A Review of Thyroid Hyperplasia in Elasmobranchs: Thyroid Hormones, Environmental Condition, and Pathology--A Progress Report
Thyroid hyperplasia (goiter) is a common clinical presentation found in captive elasmobranchs throughout the world. Thyroid hyperplasia is
typically observed as a progressive swelling of the thyroid gland, which can expand to as much as 300 times its normal size. This condition, if left untreated,
can result in difficulty swallowing, followed by death. The husbandry management of thyroid hyperplasia has been centered on iodide replacement, either as an
addition to the water or as an oral supplement.
The thyroid gland in elasmobranchs is an encapsulated organ located in loose connective tissue between the ventral side of the coracohyal and
the medial side of the coracomandibular muscles. The tissue of the thyroid gland is comprised of follicles with a highly vascular blood capillary system. Each
follicle is formed of epithelial cells surrounding a fluid-filled lumen. The lumen contains a colloidal suspension of an iodide-rich protein called thyroglobulin,
which is engulfed by follicle cells under stimulation by the thyroid stimulating hormone (TSH) and converted by hydrolysis into T4 (thyroxine) before
being secreted into the blood stream. Serum T4 then goes through hepatic deiodination and is converted to T3 (triiodothyronine), the active
thyroid hormone. In mammals, both T4 and T3 are secreted by the thyroid gland. The complete thyroidal system is regulated by feedback
mechanisms associated with the physiological state of the animal. The function of the thyroid can be loosely monitored by observing thyroid hormone
Thyroid hormones concentrations were monitored in the whitetip reef shark (Triaenodon obesus) as an experimental window into thyroid
physiology. Sharks with goiters had lower concentrations of serum T4 and serum T3, and thus were hypothyroid. No significant male/female
differences were detected. Serum T4 concentrations in the goitered sharks ranged from 0.93 to 0.99 ng/ml. Serum T4 concentrations in
"healthy" captive sharks ranged from 1.34 to 8.77 ng/ml. Serum T3 concentrations in goitered sharks ranged from 0.22 to 0.33 ng/ml compared to a range
of 0.52 to 0.83 ng/ml in "healthy" captive sharks. The "healthy" whitetip reef sharks were maintained at the Waikiki Aquarium.
Water chemistry is the most significant factor causing goiter formation in captive elasmobranchs. Goiters are thought to result from low
aquatic iodide concentrations, impaired iodide uptake, or impaired secretion of T4 from the thyroid gland. Generally, examination of aquarium seawater
reveals low iodide and high nitrogen, particularly nitrate. In the facility where goiters were occurring, water iodide concentration was measured at less than
0.006 mg/l (natural seawater = 0.013 mg/l). Interestingly, iodine (iodide + iodate) concentration in this system was 0.06 mg/l and natural seawater is also 0.06
mg/l. At the Waikiki Aquarium, where no goiters occur, iodide concentration was 0.08 mg /l and iodine concentration was 0.24 mg/l. This suggests that the iodide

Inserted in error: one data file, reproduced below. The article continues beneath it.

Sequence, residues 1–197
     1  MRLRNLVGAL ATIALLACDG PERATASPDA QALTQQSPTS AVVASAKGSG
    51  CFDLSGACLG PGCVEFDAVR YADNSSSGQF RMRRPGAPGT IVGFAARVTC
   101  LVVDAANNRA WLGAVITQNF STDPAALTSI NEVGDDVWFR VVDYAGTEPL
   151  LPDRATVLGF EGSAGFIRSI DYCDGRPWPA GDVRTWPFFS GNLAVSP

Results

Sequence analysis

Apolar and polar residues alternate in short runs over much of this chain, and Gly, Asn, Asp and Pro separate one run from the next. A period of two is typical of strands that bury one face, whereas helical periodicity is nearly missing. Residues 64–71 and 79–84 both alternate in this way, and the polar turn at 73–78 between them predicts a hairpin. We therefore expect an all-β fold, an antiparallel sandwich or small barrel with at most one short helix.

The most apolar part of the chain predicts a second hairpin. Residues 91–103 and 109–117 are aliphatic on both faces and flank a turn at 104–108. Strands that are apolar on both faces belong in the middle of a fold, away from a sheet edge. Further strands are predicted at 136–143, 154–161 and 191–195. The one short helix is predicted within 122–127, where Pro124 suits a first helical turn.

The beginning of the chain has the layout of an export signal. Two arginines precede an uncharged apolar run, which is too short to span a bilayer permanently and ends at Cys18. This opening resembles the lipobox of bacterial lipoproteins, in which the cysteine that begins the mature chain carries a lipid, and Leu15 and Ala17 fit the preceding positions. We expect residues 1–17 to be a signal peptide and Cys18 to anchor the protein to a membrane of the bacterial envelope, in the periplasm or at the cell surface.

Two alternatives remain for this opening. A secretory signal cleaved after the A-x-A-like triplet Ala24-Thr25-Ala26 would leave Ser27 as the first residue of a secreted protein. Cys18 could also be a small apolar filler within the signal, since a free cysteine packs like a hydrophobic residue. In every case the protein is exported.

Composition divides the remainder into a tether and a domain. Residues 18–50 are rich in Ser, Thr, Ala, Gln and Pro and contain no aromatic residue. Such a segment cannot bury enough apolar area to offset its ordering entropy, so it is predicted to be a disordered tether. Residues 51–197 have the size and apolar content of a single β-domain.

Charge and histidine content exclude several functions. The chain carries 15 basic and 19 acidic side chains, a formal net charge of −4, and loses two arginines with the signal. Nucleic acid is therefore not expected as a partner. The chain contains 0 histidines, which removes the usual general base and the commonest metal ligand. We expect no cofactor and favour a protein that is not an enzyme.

concentration is a possible causal factor in the formation of goiters. However, other water chemistry compounds such as a bacterium, phenols, disulfide, or other
potential goitrogens may also effect the thyroid gland and may accumulate in seawater systems. Nitrate concentrations were also quite different between the two
facilities. In the goitered water system, the concentration was 1.55 mg/l compared to 0.34 mg/l at the Waikiki Aquarium. Aquarium water chemistry is rarely
investigated thoroughly, and little comparative information exists for facilities with chronic goiters.
A review of captive elasmobranch thyroid hyperplasia cases from the Lower Animal Tumor Registry reveals an interesting pathology dichotomy.
Three cases of diffuse hyperplastic goiter were found to have mostly small follicles with little to no colloid. Two cases of diffuse colloid goiter had an
enlargement of follicles, which were filled with colloid, and three cases of multinodular colloid goiters were also found. Multinodular goiter is characterized by
the following: nodularity created by islands of colloid-filled or hyperplastic follicles; random irregular scarring; non-uniform colloid accumulation, and focal
hemorrhages and hemosiderin deposition. Colloid goiters that are left untreated are typically transformed over time into multinodular colloid goiters. Diffuse
hyperplastic goiters and diffuse colloid goiters may have different origins, making detailed studies necessary.
The absence of water chemistry samples in the majority of pathology cases makes diagnosis of thyroid hyperplasia extremely difficult. It
appears that the majority of goiters examined are not simply due to an iodine deficiency and subsequent TSH hypersecretion. A similar conclusion has been
suggested for cases of human goiters in which thyroid hyperplasia occurs despite an adequate supply of iodine in the diet. The thyroid gland is greatly influenced
by stress during capture from the wild, stocking density, species composition, food intake and type, water temperature, water chemistry, goitrogenic agent(s),
age, and reproductive state. Additional water-chemistry and goiter studies are needed to delineate the etiology of thyroid hyperplasia.
The authors would like to thank M. Atkinson, S. Atkinson, B. Ron, A. Skillman, G. Wong, and B. Rasmussen for their work on the first two
phases of this project. We would also like to thank the University of Hawaii Sea Grant College Program for partial funding under institutional grant no.
NA36RG0507, and the Hawaii Institute of Marine Biology (Director G. Grau) for providing laboratory space and equipment to run the thyroid hormone assays. The
Registry of Tumors in Lower Vertebrates is supported by NCI Contract N01CB-77021 to George Washington University. We thank Karen Clinton for slide preparation and
Ruth LeBlanc for record transcription.